Before streaming APIs, if you wanted to know if there were any updates on a specific event you had to query the API periodically and check if updates indeed occurred. Most likely, many of these queries would probably return no results as no new event happened but still resources were consumed in the process including the API call and parsing the response. Now, what if you want to get notified not only of 1 event but 10, 20 or 100? Wasting resources like this is not acceptable both for a the application consuming the API and for the API provider and that is why streaming emerged.
Mike Schilling, MuleSoft’s Lead Architect, shares his in depth knowledge about Mule 3.2′s HA clusters. If you are looking learn the leading tips and tricks for designing and managing clusters, as well as the applications running on the cluster, you should plan to attend MuleSoft’s upcoming webinar titled: High Availability for Integration Applications.
At QCon SF last week I gave my talk on DevOps to NoOps: 10 cloud services you should be using. I talked about what I call the API explosion and how that impacts the way we build applications before introducing my list. I focused on infrastructure APIs because I believe these have the biggest impact on application development and thus the developers that build applications. For me, the interesting part of the talk was the questions, it highlighted the general reaction to the benefits of infrastructure APIs – if you are not using them you probably don’t get the value.
However is possible that you’ll face a situation in which you have to use large and complex queries. For that scenario the previous approach is not adequate since you’ll end up with a configuration difficult to read. So the best thing to do is to externalize these queries in one or more files.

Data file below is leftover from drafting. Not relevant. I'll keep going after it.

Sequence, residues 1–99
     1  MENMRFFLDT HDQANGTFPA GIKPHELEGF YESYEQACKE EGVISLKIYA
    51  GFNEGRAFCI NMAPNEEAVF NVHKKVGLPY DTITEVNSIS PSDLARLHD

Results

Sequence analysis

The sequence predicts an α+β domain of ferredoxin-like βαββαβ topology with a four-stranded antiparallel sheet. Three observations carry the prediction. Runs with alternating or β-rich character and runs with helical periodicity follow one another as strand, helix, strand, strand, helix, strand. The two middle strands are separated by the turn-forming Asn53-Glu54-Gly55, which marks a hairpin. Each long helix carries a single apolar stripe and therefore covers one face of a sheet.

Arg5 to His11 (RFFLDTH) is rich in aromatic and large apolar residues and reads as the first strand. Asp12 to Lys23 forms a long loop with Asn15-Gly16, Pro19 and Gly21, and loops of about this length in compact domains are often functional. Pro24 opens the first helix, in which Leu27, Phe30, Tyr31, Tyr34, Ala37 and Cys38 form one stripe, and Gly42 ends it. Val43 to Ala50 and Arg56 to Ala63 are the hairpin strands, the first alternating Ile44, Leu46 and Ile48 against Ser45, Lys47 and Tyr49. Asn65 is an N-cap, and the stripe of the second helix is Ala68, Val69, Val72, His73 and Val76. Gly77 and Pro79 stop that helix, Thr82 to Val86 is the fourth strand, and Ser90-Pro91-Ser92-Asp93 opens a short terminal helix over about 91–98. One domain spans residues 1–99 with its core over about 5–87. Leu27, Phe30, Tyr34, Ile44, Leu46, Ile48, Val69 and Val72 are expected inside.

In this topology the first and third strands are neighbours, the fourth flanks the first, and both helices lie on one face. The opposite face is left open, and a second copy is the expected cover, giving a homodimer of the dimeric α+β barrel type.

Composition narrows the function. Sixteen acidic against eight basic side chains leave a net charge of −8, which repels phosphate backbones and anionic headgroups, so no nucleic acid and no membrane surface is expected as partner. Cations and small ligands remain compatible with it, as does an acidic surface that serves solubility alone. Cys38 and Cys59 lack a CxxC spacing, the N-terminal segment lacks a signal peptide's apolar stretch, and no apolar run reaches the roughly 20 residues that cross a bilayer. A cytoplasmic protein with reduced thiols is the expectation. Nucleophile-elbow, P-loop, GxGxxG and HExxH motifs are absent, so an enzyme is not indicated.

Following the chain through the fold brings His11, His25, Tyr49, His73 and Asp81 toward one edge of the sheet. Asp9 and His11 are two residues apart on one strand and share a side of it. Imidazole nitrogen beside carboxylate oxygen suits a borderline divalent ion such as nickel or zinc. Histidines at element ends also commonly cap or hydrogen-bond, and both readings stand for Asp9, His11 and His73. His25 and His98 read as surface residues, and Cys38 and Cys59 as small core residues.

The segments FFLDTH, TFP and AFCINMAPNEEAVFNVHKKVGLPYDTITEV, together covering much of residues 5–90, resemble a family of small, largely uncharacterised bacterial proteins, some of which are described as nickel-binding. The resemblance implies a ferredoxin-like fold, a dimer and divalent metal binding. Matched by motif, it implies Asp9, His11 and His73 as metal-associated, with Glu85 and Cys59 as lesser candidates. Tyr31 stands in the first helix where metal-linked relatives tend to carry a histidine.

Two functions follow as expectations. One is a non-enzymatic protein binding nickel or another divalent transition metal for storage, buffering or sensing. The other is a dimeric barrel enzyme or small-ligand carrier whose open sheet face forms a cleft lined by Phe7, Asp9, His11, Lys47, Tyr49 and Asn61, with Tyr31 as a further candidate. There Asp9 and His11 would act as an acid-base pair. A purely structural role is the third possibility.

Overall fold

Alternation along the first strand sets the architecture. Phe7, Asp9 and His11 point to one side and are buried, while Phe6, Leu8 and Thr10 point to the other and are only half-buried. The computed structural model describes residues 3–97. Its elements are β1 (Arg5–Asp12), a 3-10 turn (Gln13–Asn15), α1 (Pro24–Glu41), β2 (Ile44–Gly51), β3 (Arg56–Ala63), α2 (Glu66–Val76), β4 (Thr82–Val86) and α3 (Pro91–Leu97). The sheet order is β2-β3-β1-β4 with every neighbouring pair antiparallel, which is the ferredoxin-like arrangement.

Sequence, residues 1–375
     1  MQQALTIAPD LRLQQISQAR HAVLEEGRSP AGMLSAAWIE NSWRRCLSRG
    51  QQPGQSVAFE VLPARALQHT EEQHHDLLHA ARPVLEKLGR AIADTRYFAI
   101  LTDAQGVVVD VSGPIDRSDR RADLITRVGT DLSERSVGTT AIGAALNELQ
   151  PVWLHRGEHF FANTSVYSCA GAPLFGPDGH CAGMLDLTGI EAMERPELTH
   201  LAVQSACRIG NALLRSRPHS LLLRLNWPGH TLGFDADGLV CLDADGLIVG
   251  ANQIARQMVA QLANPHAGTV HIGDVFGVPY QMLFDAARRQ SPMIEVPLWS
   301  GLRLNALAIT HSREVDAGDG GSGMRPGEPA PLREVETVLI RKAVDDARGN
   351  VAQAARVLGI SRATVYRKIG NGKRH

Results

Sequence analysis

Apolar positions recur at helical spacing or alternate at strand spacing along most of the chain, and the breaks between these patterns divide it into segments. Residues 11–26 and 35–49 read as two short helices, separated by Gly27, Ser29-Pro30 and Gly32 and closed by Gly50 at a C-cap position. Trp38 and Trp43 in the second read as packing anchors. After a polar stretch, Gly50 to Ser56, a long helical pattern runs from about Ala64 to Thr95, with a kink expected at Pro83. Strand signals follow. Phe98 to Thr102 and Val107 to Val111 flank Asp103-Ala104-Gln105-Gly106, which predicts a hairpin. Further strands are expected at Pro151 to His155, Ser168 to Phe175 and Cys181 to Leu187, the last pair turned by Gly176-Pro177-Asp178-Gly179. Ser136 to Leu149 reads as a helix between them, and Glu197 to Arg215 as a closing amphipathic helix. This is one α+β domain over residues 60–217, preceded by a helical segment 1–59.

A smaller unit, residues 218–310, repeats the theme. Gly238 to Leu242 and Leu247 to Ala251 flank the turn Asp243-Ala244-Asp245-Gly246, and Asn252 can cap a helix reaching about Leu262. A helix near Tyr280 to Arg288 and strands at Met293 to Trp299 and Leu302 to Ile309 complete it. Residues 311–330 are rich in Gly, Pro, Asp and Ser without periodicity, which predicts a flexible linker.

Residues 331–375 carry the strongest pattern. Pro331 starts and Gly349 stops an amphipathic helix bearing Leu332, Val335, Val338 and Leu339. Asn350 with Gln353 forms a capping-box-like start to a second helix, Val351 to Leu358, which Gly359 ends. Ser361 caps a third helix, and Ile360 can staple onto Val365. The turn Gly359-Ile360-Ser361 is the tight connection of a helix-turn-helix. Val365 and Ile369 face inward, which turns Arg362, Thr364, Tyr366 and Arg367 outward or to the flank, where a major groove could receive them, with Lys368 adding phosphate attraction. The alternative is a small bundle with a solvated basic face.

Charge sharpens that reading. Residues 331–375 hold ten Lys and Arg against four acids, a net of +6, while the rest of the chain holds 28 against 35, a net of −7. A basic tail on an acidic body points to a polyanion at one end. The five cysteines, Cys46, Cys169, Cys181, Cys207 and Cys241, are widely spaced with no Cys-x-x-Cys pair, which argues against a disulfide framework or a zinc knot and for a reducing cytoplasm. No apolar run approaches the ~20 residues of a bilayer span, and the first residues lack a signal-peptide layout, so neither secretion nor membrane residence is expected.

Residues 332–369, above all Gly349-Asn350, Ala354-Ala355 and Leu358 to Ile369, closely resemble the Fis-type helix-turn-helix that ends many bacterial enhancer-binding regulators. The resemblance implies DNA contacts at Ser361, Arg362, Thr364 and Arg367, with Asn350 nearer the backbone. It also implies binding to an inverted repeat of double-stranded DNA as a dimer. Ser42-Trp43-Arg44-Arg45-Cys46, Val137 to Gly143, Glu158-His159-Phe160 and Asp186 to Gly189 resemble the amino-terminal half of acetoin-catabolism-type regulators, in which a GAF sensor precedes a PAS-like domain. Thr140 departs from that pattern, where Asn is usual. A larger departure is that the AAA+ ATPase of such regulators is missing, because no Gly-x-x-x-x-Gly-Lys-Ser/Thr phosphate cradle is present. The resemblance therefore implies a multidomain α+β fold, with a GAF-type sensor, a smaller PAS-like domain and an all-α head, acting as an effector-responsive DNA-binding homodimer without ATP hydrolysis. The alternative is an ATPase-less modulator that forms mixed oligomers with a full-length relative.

Security around public cloud offerings has always been a major point of concern (and controversy) for users. How do cloud providers protect customer data? How is log data protected? How is the surrounding infrastructure secured? We previous talked about how iON stays up and running even through EC2 outages. Today, we will talk about iON security to show how we protect customer information and the infrastructure used in building iON.
We are pleased to announce the Beta Milestone 5 release of Mule Studio, the graphical design tool for Mule ESB. At its core, it is based on the Eclipse Development Platform which many developers are already familiar with. But we have added significant functionality to it to achieve a very tight integration to Mule ESB. This makes Mule Studio a powerful visual and coding environment for developing Mule ESB applications.
The last time we talked I show you how you can easily build RESTful APIs on top of iON. I just covered just a very narrow scenario, the sky is the limit when talking about the kind of integrations that you can build using iON. So this week I’m going to walk you through another interesting use case, IVRs. If you don’t know what they are, don’t worry I will cover the basics in this article. Stick around it’s going to be wild.
In this blog post I will show how to extend Mule in a simple way using the recently released Mule DevKit. The goal of the Mule DevKit is to accelerate the development of Mule extensions by abstracting you from Mule specific stuff so that you just focus on what your are trying to build.
My idea here is to create a simple Cloud Connector to interact with Google Maps API but the concepts covered here can be used in other scenarios as well. Since the Mule DevKit is intended for developers, expect many code snippets so that you can go through this example on your own and play around with the code. You can get the full source code here.
Last month the AMQP working group, which includes big hitters such as Bank of America, Credit Suisse, JPMorgan Chase, Barclays, Goldman Sachs, Microsoft, Cisco, VMWare, Redhat, and Informatica finalised version 1.0 of the AMQP standard. It has been 5 years in the making, the market for messaging has changed a lot in that time.
What is AMQP?
“The Advanced Message Queuing Protocol (AMQP) is an open standard application layer protocol for message-oriented middleware. The defining features of AMQP are message orientation, queuing, routing (including point-to-point and publish-and-subscribe), reliability and security.” - Wikipedia